#537 – Mountains


Base price: $30.
2 – 5 players.
Play time: 20 – 30 minutes.
BGG | Board Game Atlas

Buy on Amazon (via What’s Eric Playing?)
Logged plays: 3 

Full disclosure: A review copy of Mountains was provided by HABA.

Alright, we’ve got more HABA games coming down the pipeline from now until forever. Last week was Wobble King, this week is Mountains, and who knows what the next few months will be? It’s going to be an exciting time for grabbing games at random from my review queue. This one’s part of the Game Night Approved line, which is a different imprint from HABA than their normal bright yellow boxes. Let’s check it out and see what it’s got to offer.

In Mountains, you love hiking. Yes, you; it’s certainly not going to be me, so it needs to be you for the purposes of this opening narrative thing that I always do. So it’s settled. You love hiking. Thankfully, you’re not alone; your friends love hiking too. But you didn’t quite bring enough equipment to summit all the peaks you were planning on getting up to. It’s a bit embarrassing, but you may need to borrow some things from your friends. Don’t worry, though, they’re happy to help! Mostly. Will you be able to climb every mountain?



First off, lay out the board:


Next, place the hiking cards on each spot on the board. You’ll want to separate them by their “degree of difficulty”, or, in the common tongue, the number of backpacks on the back. Some of them are starred; those are considered a separate category.

Hiking Cards

Give players their starting equipment cards next:

Equipment Cards

  • 2 players: 8 equipment cards
  • 3 players: 6 equipment cards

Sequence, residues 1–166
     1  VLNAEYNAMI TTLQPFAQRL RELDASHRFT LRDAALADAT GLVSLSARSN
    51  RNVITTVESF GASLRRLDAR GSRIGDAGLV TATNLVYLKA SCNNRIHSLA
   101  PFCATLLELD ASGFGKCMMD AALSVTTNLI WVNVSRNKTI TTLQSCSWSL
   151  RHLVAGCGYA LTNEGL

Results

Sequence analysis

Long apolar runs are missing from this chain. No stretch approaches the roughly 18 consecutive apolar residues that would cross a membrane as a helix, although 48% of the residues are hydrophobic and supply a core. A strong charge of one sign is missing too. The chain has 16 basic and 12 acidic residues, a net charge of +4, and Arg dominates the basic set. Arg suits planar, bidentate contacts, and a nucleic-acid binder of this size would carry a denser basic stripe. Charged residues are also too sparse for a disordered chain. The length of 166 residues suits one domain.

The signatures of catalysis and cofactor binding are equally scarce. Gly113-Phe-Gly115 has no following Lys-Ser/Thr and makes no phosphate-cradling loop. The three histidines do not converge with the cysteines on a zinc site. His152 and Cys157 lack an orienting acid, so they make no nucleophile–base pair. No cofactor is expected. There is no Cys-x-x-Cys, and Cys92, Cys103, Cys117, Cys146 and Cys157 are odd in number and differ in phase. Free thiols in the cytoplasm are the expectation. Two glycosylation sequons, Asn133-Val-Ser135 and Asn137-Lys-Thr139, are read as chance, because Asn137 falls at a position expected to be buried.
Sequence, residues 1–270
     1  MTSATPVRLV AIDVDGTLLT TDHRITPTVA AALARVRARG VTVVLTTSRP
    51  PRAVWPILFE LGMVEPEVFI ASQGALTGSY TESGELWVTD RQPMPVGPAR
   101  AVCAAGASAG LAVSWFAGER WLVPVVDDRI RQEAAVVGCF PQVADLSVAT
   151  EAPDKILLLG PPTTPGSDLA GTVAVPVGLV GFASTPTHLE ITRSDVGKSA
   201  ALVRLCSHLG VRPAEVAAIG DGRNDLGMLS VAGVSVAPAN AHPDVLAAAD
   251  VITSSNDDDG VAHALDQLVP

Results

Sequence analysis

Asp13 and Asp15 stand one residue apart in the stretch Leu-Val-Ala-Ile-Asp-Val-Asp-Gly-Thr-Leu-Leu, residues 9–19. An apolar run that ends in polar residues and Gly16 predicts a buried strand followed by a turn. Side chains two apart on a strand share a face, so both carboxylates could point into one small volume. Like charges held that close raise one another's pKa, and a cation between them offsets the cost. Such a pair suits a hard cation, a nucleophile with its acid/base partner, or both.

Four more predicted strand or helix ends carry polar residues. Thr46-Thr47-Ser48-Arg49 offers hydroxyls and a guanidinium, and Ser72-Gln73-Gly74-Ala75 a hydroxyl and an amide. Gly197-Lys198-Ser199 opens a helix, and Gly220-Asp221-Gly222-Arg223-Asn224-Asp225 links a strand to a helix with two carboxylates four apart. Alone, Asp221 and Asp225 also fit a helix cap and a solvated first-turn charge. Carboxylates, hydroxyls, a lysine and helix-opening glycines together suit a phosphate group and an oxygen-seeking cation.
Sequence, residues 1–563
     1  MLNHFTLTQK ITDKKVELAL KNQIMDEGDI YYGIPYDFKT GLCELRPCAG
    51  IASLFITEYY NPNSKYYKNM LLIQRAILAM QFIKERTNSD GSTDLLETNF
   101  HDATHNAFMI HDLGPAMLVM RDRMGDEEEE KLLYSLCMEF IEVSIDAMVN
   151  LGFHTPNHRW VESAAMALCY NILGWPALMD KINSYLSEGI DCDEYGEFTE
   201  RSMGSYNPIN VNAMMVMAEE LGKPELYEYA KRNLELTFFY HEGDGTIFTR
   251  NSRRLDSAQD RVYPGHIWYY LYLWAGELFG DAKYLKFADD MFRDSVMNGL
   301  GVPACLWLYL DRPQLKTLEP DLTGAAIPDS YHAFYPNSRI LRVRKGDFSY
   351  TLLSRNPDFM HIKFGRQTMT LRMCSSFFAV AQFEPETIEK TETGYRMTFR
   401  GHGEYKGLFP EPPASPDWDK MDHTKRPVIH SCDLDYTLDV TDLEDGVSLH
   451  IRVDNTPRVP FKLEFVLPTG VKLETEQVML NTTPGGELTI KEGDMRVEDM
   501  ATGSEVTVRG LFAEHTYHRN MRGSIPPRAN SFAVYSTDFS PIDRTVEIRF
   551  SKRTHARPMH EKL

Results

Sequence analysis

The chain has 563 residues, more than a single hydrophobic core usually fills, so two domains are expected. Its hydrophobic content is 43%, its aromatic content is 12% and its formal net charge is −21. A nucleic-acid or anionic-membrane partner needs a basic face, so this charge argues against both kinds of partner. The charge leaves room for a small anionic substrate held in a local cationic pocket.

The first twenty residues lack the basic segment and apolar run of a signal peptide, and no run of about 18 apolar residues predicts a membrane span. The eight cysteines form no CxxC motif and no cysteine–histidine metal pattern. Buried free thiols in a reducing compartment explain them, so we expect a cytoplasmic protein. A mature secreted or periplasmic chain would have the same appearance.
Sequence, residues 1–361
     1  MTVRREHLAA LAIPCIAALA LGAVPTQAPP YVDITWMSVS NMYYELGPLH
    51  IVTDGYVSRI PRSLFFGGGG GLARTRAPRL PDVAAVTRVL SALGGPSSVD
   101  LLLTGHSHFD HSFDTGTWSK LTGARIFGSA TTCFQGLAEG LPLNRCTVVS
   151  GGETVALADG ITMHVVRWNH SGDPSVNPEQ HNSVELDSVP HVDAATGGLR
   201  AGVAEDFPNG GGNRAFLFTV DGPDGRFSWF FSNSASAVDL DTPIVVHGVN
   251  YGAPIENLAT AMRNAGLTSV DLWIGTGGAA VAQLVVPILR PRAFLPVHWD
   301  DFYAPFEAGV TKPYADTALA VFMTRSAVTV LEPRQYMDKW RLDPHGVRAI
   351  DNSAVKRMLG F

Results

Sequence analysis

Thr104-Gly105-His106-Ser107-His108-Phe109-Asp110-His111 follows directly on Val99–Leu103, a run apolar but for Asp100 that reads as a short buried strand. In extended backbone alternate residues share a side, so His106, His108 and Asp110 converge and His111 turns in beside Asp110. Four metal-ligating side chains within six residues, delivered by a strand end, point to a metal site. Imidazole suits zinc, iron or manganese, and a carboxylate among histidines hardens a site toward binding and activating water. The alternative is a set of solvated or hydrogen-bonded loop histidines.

• 4 players: 4 equipment cards
  • 5 players: 3 equipment cards

Keep those private. Give each player a session book and a season sheet:

Stamp Book

There’s even a stamp! Don’t use it yet.


Finally, give each player 8 favor stones. Only the blue ones; the yellow stones count for 5 and you won’t need them for a minute.

Favor Stones

Once you’ve done that you should be ready to start!



Gameplay 1

So, stick with me. You know Go Fish? Mountains is a lot like that. How? Well, I’ll get into that. But basically you’re going hiking, and you want to collect stamps for completing hikes successfully. The player with the most stamps at the end of the game wins! But how do you get stamps?

On your turn, you may do one of two things: Go on a Hike, or Rest. I’ll outline them in the opposite order.


If you have zero favor stones, you may rest instead of attempting a hike. Take three blue favor stones from the supply. Your turn ends.


Gameplay 3

You may choose any pile and flip the top card face-up. You are attempting that hike. If you do not believe you can complete it, you may choose to not attempt it, take one blue favor stone, and end your turn. Completing hikes is a bit more interesting, though, so let’s try it.